Majority-Minority Myths

Majority-Minority Myths

It’s time to let go of the belief that changing demographics will bring about a progressive America.

Outside a Latinos for Trump campaign rally in Orlando, Florida, in October 2020 (Paul Hennessy/NurPhoto via Getty Images)

The Great Demographic Illusion: Majority, Minority, and the Expanding American Mainstream
by Richard Alba
Princeton University Press, 2020, 336 pp.

Dangerously Divided: How Race and Class Shape Winning and Losing in American
 Politics
by Zoltan L. Hajnal
Cambridge University Press, 2020, 362 pp.

The Case for Identity Politics: Polarization, Demographic Change, and Racial Appeals
by Christopher T. Stout
University of Virginia Press, 2020, 268 pp.

In a commencement address at the University of California, San Diego in 1997, President Bill Clinton spoke of a time when white people would no longer constitute a majority in the United States. In the decades since, the idea that growing diversity will bring about a “majority-minority” America in the near future has become a widespread belief across the ideological spectrum, propelled by periodic Census updates, like a report that 2013 marked the first year that more nonwhite babies had been born in the United States than white ones.

There are three major problems with this now-clichéd belief. First, it scares many white people, pushing their political stances toward the right. Numerous studies confirm that merely mentioning the demographic shift is enough to change their political views. As Ezra Klein has written, “The simplest way to activate someone’s identity is to threaten it.” Many white people interpret stories about the imminent reordering of the country’s racial and ethnic hierarchy as a threat.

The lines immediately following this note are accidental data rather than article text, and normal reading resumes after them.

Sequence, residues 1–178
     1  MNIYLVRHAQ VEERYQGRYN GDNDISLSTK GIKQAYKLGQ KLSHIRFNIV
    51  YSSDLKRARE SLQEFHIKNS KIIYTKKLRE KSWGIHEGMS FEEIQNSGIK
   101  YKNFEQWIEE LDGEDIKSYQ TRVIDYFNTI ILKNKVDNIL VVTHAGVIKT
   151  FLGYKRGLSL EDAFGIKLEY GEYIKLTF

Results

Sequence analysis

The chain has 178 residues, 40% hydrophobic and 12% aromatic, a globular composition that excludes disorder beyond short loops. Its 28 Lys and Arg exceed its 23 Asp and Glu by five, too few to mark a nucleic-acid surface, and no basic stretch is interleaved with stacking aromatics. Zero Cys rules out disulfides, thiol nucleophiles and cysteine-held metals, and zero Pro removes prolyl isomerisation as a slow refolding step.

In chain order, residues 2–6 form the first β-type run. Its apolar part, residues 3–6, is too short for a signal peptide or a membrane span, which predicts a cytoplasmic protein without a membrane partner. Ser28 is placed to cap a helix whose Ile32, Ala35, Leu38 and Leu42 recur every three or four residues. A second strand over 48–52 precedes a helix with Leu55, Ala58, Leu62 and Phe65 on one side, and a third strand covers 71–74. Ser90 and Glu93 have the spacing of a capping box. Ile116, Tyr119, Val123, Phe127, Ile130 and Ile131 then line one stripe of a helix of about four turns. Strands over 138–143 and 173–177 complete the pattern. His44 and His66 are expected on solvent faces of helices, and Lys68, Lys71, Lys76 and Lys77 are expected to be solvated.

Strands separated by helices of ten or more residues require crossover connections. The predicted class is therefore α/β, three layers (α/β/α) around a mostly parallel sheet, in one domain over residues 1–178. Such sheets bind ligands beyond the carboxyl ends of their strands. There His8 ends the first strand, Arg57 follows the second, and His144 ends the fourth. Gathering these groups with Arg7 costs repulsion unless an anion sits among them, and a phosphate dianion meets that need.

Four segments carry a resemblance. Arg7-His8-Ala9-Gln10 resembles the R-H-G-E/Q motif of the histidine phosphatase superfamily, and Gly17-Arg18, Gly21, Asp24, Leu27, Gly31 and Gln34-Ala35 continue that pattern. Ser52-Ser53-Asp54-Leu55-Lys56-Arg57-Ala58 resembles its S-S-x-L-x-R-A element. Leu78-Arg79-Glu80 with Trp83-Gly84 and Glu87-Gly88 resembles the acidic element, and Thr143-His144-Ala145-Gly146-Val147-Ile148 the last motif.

Second, it leads Democrats astray. Divvying up the nation between whites and nonwhites implies a neat, fixed, and immutable ordering of a complex set of shifting racial and ethnic identities. The corollary—that a shared political identity should bind minorities to a leftist, emancipatory project against white oppression—induces complacency in Democratic Party organizing and policymaking realms, and ignores the varied ethnic and class backgrounds of those who comprise this broad,diverse population.

The 2020 election shook the premise that nonwhite voters shared a liberal political identity, with growing evidence of an across-the-board shift toward the GOP among Latinos and, to a smaller degree, African Americans. But evidence that the “browning of America” may not lead to progressive nirvana predated the election. Bush’s 2004 re-election bid was buoyed by his record performance among Latinos. Since then, between a quarter and a third of Latinos have voted for Republican presidential candidates despite the restrictionist turn in the party’s
immigration policies.

Which brings us to the third problem with the majority-minority claim: it’s empirically wrong.

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